Friday, August 5, 2016

Prof. Ethan Elkind: Flawed Industry CEQA Study Gets More Flawed

The law firm of Holland & Knight has made waves over the past few years attempting to quantify how bad CEQA has been for pro-environment projects like infill and renewable energy. Their allies in the business community and Sacramento, along with unwitting media outlets, have trumpeted the results.

They are now out with a new “update” [PDF] on their flawed 2015 study that purports to show how CEQA has been overwhelmingly used against infill in the Southern California region.

But the problem, as I and my colleague Sean Hecht at UCLA Law have noted, is that they misleadingly chose a definition of “infill” in that 2015 study (and again in this update) that is so broad that it over-represents how often infill projects are subject to CEQA suits, out of all CEQA litigation in a given time frame.

Misleading may be a strong word, but how else can you explain it when they claim to be using a state-approved definition of infill that doesn’t in fact match their definition?
Here’s what they write:
In our [2015] statewide report, we called these “infill” locations, consistent with the infill definition used by the Governor’s Office of Planning & Research (OPR).
And here’s the definition they use:
[Projects] located entirely within the boundaries of existing cities or in unincorporated county locations that were surrounded by existing development.
Yet in their own footnote to OPR’s definition, we find the following from OPR:
“The term “infill development” refers to building within unused and underutilized lands within existing development patterns, typically but not exclusively in urban areas. Infill development is critical to accommodating growth and redesigning our cities to be environmentally and socially sustainable.”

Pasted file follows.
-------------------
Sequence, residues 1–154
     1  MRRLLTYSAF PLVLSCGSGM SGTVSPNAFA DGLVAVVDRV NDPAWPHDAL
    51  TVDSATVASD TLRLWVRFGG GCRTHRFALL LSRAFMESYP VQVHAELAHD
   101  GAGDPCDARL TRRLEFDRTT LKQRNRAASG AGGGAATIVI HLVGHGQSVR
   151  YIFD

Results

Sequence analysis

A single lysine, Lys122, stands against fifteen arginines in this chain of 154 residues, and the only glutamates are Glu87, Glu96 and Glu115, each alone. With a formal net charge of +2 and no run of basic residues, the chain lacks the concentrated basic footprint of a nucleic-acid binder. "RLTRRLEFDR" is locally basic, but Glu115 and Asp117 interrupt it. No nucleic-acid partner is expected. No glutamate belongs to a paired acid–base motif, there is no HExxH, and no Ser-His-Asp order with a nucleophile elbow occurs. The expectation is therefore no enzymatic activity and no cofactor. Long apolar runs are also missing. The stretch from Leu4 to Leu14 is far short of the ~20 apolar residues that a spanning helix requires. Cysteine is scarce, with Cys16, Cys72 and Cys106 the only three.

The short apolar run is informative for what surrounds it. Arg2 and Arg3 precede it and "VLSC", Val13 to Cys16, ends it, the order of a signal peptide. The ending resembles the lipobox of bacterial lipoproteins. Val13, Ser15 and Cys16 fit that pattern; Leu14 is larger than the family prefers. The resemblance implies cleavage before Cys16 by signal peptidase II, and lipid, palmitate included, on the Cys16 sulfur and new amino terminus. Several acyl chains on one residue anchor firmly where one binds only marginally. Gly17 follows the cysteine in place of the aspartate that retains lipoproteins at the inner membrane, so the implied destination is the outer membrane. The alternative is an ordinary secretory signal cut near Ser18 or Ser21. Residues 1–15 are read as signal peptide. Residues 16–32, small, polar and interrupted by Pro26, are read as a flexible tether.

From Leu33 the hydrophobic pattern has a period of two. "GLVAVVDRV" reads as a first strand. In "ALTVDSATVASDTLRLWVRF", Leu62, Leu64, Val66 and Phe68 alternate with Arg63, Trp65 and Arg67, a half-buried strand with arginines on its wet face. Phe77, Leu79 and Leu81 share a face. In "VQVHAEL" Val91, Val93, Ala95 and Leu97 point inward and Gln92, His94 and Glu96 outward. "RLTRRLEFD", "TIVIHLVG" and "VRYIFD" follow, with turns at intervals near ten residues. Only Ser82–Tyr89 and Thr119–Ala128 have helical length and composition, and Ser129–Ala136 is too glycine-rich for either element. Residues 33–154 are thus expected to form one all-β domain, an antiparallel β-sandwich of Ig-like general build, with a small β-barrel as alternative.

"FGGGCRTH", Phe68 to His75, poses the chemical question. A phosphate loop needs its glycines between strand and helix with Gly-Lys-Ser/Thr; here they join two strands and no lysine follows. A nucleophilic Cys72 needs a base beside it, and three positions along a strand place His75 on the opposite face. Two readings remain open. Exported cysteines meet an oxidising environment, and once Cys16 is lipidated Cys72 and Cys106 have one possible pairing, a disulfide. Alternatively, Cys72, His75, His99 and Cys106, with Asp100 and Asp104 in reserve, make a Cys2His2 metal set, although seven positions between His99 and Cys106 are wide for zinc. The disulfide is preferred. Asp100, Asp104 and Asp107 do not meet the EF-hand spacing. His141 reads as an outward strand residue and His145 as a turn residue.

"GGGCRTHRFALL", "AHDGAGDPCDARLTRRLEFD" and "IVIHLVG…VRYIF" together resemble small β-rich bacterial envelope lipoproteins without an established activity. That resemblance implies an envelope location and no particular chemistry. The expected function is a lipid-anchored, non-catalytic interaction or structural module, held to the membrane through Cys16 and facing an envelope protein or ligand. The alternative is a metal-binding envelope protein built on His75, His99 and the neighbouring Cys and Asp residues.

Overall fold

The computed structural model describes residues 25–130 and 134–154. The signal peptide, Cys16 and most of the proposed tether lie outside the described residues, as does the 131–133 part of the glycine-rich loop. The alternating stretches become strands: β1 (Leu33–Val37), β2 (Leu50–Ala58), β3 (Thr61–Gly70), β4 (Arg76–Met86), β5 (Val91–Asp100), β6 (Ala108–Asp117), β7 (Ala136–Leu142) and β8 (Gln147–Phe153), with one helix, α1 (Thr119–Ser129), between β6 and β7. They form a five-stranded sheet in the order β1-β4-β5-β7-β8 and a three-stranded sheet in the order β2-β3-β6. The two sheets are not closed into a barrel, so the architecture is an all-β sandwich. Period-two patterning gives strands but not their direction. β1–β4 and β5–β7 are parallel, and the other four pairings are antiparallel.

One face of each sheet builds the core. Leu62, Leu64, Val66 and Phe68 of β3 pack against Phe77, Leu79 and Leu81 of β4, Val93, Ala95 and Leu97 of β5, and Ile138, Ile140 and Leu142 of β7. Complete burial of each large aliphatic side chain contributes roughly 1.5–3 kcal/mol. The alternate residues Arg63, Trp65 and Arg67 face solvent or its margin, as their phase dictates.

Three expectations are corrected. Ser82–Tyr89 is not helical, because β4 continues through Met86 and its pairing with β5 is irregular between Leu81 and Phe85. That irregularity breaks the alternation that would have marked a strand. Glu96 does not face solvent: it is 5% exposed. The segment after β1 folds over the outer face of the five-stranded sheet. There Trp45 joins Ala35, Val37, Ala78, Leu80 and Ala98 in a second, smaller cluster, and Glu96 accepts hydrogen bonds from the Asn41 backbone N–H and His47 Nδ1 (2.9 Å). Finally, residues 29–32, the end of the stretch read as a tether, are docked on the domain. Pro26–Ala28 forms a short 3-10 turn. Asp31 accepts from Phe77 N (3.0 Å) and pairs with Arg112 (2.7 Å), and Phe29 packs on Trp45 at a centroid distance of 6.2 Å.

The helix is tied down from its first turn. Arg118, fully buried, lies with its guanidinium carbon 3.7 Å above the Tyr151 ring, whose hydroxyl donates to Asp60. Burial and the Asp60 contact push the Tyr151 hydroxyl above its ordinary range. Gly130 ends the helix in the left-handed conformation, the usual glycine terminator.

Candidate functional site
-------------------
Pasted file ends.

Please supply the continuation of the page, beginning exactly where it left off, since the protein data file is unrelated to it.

Notice any inconsistencies? Nowhere does OPR claim that any development within existing city boundaries should be considered infill.  Yet that’s exactly what Holland & Knight claim their definition encompasses.  By adding that geography to the definition, they get to call areas like in this random screenshot of Hanford “infill”:
Valley infill
If they really want to update their study, they need to stop claiming that they’re using a state-sanctioned definition of infill.  Because they’re not.

Here’s another definition they could have used, that was added to CEQA by the legislature:
21061.3. Infill site means a site in an urbanized area that meets either of the following criteria:
(a) The site has not been previously developed for urban uses and both of the following apply:
(1) The site is immediately adjacent to parcels that are developed with qualified urban uses, or at least 75 percent of the perimeter of the site adjoins parcels that are developed with qualified urban uses, and the remaining 25 percent of the site adjoins parcels that have previously been developed for qualified urban uses.
(2) No parcel within the site has been created within the past 10 years unless the parcel was created as a result of the plan of a redevelopment agency.
(b) The site has been previously developed for qualified urban uses.
The report does go to some length to describe the challenges of defining infill for the purposes of a study like this one.  Personally I favor a definition linked to proximity to major transit stops, coupled with the definition Deborah Salon formulated in 2014 for the California Air Resources Board [PDF] based on low-vehicle miles traveled (VMT) neighborhood types.

But by misrepresenting their definition of infill, Holland & Knight undermines the credibility of their report and the quality of the findings.  If they issue any further “update” to it, I hope they finally correct that flaw.


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